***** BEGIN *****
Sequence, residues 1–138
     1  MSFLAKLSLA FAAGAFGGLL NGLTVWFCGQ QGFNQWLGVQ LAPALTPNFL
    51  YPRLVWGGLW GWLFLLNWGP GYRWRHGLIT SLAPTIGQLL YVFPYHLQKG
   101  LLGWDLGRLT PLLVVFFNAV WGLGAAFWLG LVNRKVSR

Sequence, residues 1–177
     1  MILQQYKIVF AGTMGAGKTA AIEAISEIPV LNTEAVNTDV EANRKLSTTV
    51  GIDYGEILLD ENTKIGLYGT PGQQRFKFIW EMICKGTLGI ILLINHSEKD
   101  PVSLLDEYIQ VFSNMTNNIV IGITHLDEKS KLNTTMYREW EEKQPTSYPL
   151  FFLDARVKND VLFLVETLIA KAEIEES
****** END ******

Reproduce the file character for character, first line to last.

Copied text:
Sequence, residues 1–138
     1  MSFLAKLSLA FAAGAFGGLL NGLTVWFCGQ QGFNQWLGVQ LAPALTPNFL
    51  YPRLVWGGLW GWLFLLNWGP GYRWRHGLIT SLAPTIGQLL YVFPYHLQKG
   101  LLGWDLGRLT PLLVVFFNAV WGLGAAFWLG LVNRKVSR

Sequence, residues 1–177
     1  MILQQYKIVF AGTMGAGKTA AIEAISEIPV LNTEAVNTDV EANRKLSTTV
    51  GIDYGEILLD ENTKIGLYGT PGQQRFKFIW EMICKGTLGI ILLINHSEKD
   101  PVSLLDEYIQ VFSNMTNNIV IGITHLDEKS KLNTTMYREW EEKQPTSYPL
   151  FFLDARVKND VLFLVETLIA KAEIEES